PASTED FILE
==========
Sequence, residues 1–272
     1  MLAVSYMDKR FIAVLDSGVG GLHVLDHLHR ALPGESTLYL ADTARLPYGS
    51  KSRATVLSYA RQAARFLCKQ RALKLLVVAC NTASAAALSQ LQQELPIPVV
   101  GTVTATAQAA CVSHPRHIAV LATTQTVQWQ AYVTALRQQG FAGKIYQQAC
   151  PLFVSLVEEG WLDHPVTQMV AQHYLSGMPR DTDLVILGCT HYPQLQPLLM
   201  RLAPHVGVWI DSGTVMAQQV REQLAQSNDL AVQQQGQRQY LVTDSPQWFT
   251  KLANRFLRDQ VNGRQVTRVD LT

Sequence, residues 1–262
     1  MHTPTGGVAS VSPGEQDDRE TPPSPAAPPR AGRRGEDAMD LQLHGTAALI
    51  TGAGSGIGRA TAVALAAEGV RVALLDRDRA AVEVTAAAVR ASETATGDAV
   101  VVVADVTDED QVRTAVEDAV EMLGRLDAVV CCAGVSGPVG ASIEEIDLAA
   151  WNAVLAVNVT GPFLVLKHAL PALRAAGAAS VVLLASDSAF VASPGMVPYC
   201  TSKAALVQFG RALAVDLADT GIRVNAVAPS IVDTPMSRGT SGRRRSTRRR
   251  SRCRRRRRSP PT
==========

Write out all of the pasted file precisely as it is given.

Sequence, residues 1–272
     1  MLAVSYMDKR FIAVLDSGVG GLHVLDHLHR ALPGESTLYL ADTARLPYGS
    51  KSRATVLSYA RQAARFLCKQ RALKLLVVAC NTASAAALSQ LQQELPIPVV
   101  GTVTATAQAA CVSHPRHIAV LATTQTVQWQ AYVTALRQQG FAGKIYQQAC
   151  PLFVSLVEEG WLDHPVTQMV AQHYLSGMPR DTDLVILGCT HYPQLQPLLM
   201  RLAPHVGVWI DSGTVMAQQV REQLAQSNDL AVQQQGQRQY LVTDSPQWFT
   251  KLANRFLRDQ VNGRQVTRVD LT

Sequence, residues 1–262
     1  MHTPTGGVAS VSPGEQDDRE TPPSPAAPPR AGRRGEDAMD LQLHGTAALI
    51  TGAGSGIGRA TAVALAAEGV RVALLDRDRA AVEVTAAAVR ASETATGDAV
   101  VVVADVTDED QVRTAVEDAV EMLGRLDAVV CCAGVSGPVG ASIEEIDLAA
   151  WNAVLAVNVT GPFLVLKHAL PALRAAGAAS VVLLASDSAF VASPGMVPYC
   201  TSKAALVQFG RALAVDLADT GIRVNAVAPS IVDTPMSRGT SGRRRSTRRR
   251  SRCRRRRRSP PT